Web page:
“Four-end product is very, very strong and abrasion resistant because the fibers run more parallel,” Woldruff explains. “Eight-carrier has more exposure because you have twice the number of fibers crossing one another.” But because Berkley’s FireLine Ultra 8 is fused, according to Pitsilos, it’s a bit stiffer than most, but for abrasion, it’s practically “indestructible.”
Berkley x5 gel spun polyethylene braid is four strands wrapped around a core, and x9 is a core with eight outer fibers. The x5 offers greater abrasion resistance than the same-diameter line in x9 because the size of individual strands is greater.
As Burkhardt notes, bigger diameter line is more abrasion resistant than thinner line because it takes more time to abrade a thicker line to the breaking point. “It would take you longer to wear out thicker line because there’s more mass. It’s that basic.”
Don’t Spare the Line
If your line feels abraded, cut and retie, especially if you fish around rocks, docks, reefs, oyster bars or oil rigs, or catch fish known for abrading line. Snook have sandpaperlike mouths; kingfish sport a mouthful of teeth; and sailfish can rub bills or tails against your line. Woldruff notes that it’s the last few feet of line that break, not the line in the middle of the reel spool.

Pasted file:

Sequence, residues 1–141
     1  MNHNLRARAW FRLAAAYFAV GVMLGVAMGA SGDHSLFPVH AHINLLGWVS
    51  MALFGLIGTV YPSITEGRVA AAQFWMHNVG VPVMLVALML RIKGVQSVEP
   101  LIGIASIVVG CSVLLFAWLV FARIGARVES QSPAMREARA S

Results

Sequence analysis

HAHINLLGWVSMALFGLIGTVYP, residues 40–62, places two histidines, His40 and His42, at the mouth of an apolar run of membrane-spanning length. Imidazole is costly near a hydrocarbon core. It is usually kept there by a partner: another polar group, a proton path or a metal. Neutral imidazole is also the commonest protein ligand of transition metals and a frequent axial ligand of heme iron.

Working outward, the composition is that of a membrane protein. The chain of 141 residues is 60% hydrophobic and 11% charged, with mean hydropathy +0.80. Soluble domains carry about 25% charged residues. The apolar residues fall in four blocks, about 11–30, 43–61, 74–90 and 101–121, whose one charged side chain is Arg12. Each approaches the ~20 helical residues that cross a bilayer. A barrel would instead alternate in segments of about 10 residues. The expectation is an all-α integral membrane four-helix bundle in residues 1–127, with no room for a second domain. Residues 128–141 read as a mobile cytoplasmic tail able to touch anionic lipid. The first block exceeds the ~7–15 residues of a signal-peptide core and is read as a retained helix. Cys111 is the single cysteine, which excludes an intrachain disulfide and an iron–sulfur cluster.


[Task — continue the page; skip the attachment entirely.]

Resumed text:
“There’s nothing foolproof,” says Pitsilos of abrasion resistance. “It’s best to retie. You can’t be a lazy fisherman or you’re going to lose fish. It’s amazing when you do talk to pros how often they retie and even refill spools.”
Read Next: Line Test
Check your rod guides for nicks. Pitsilos recalls complaints about a prototype line from one of Berkley’s line testers in the field. It turned out the problem wasn’t the line but rather the angler’s nicked guide.
“If you’ve got a nicked guide, it will tear up a braid — there’s no question,” Woldruff says. “Rub a cotton swab around each guide. If it pulls that cotton off, you need to replace the guide.”
Change your fishing line, even if you don’t notice any abrasion or other weaknesses. Woldruff says the average angler will get a season out of a quality braid, but you should change it more often if the line is used around pilings and oyster beds. You’ll be glad you did when you connect with a fish of a lifetime.